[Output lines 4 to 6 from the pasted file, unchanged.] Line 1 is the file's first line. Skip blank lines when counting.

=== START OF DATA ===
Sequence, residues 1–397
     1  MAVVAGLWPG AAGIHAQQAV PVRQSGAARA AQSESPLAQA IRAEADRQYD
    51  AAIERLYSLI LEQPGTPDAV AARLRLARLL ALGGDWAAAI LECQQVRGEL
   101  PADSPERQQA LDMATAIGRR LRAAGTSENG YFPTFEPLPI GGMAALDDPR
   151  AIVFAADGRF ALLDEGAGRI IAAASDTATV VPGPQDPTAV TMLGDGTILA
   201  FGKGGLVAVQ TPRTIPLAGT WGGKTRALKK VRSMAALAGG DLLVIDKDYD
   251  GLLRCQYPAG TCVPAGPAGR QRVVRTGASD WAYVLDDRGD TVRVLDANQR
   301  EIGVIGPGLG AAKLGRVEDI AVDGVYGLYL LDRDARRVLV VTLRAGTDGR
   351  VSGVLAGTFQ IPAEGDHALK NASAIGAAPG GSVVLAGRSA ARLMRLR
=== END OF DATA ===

   101  PADSPERQQA LDMATAIGRR LRAAGTSENG YFPTFEPLPI GGMAALDDPR
   151  AIVFAADGRF ALLDEGAGRI IAAASDTATV VPGPQDPTAV TMLGDGTILA
   201  FGKGGLVAVQ TPRTIPLAGT WGGKTRALKK VRSMAALAGG DLLVIDKDYD